Letter from Cairo

Die Gamaat-ad-Daula-al-Arabija-Straße ist die Hauptachse des Mohandessin-Viertels im Westen Kairos. Der langgezogene Boulevard ist von teuren Geschäften und Cafés gesäumt, die vor allem reiche Ägypter und Touristen aus der Golfregion anziehen…

(This article was published with Le Monde Diplomatique in German, Spanish, and Persian)


November 9


In Hewler

Almost everyone who lives in the city known to the rest of the world as Erbil calls it by its Kurdish name: Hewlêr. The Kurds in what is now Iraq – like the Kurds in Turkey, Syria and Iran – have for decades been administered by a state that few of them think of as their own. The independence referendum held last month in Iraqi Kurdistan delivered the result everyone expected: 92.7 per cent of the population answered ‘yes’ to the question (posed in Kurdish, Arabic, Turkmen and Assyrian) ‘Do you want the Kurdistan Region and the Kurdistani areas outside the administration of the Region to become an independent state?’ Their hope is that we will all start using Hewlêr instead of Erbil before long.


October 6

The man on the island

For eighteen years Abdullah Öcalan has been imprisoned on an island in the middle of the Sea of Marmara. Once an Ottoman naval base used against the Byzantines, the island of İmralı is now a modern Château d’If, designed to hold the man successive Turkish governments have regarded as the greatest threat to “the indivisible unity of the Sublime Turkish State”. Öcalan commanded the Kurdistan Workers’ Party (PKK) during the height of its war, in the 1980s and 90s, to establish an independent Kurdistan in south-eastern Turkey. His capture in 1999 was met in western Turkey with fevered triumphalism, but Öcalan’s incarceration has done little to dampen Kurdish ambitions for political autonomy. The PKK remains in the mountains on Turkey’s periphery, attacking Turkish army outposts and harried by Turkish F-16s; over the past two years the war has reignited at a level not seen for decades, with entire…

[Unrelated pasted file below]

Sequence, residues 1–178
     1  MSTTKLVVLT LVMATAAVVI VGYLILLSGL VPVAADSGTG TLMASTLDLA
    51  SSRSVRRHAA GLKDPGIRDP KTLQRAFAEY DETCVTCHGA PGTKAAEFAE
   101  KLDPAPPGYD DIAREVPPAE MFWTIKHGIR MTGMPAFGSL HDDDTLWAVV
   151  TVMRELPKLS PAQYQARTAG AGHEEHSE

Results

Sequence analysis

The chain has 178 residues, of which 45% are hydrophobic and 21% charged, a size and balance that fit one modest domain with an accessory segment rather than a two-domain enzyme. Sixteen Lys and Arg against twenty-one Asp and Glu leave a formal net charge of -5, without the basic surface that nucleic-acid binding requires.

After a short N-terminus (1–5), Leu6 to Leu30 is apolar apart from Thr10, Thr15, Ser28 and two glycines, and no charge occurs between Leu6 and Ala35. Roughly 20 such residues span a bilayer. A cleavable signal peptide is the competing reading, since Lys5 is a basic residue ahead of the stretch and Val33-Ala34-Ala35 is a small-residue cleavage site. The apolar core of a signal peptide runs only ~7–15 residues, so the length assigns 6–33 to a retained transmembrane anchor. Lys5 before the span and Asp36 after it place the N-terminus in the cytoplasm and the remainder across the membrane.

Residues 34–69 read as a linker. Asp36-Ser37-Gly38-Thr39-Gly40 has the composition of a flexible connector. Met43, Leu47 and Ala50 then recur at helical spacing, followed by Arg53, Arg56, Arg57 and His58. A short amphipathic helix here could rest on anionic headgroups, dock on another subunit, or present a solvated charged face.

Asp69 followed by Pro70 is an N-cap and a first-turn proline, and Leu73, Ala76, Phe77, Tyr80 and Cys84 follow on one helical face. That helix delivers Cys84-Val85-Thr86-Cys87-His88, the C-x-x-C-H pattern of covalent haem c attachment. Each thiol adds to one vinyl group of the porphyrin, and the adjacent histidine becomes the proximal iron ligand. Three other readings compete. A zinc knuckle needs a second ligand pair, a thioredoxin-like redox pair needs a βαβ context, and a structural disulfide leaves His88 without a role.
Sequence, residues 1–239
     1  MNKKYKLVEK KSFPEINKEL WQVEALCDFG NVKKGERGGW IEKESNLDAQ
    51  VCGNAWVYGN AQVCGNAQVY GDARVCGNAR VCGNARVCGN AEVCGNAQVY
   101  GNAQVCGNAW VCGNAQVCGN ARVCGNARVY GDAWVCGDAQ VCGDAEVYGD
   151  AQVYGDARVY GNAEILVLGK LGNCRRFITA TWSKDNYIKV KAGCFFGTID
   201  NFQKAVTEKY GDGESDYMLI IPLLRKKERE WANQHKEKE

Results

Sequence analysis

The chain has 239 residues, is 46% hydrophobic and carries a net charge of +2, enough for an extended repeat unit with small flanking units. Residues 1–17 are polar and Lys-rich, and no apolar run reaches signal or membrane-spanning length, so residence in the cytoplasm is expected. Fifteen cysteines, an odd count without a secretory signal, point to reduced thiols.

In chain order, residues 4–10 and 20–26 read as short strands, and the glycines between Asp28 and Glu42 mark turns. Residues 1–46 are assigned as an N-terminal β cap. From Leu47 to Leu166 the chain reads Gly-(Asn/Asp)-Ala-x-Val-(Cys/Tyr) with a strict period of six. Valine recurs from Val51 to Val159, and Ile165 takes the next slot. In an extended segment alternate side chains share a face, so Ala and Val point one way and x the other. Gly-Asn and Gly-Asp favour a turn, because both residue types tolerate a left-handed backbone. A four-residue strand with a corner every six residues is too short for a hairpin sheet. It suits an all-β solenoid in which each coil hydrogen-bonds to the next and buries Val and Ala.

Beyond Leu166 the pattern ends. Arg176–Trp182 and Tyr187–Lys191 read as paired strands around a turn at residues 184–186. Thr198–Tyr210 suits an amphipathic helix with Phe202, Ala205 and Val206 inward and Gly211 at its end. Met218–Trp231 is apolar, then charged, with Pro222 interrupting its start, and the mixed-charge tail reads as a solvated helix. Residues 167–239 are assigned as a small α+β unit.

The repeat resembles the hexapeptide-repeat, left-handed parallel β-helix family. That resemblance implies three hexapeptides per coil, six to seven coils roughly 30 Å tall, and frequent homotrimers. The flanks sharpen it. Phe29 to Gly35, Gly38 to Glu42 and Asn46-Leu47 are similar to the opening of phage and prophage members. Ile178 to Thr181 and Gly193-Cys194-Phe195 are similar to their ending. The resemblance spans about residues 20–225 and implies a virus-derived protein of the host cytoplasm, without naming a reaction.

May 3, 2017

In Tripoli

‘Honourable was the swift and timely aid offered to them in their struggle by the West,’ the Times said of the Libyan rebels who rose up against Gaddafi during the Arab Spring in 2011; Western military intervention on behalf of the rebellion was ‘a good deed in a weary world’. Today, more than five years after Gaddafi’s fall in October 2011, Libya has been relegated to that class of countries (Afghanistan, Somalia) from which we hear occasional news of US drone strikes but little else.


March 2

The Kingdom that came in from the cold

Morocco is often perceived by Western governments and companies as a model of stability, chugging along quietly with solid economic indicators and reasonable growth compared to its more tumultuous neighbours.

But its decision to rejoin the African Union (AU) at the beginning of 2017 highlights two issues that complicate the picture: popular discontent with political and economic stagnation, and Morocco’s continued occupation of Western Sahara.


March 1

Egypt’s opposition to challenge government in court

Activists, lawyers and human rights groups in Egypt are mounting a fight back against the government’s repressive assembly law and its crackdowns on the country’s embattled opposition.


February 2

The Syrian civil war in 2017

The Syrian civil war is without doubt the worst and most brutal conflict in the world, a generational war without real historical comparisons.

On the ground, a classic hereditary tyranny that survives only through force and external contrivance is fighting disparate militias across the country for control of the state.


January 18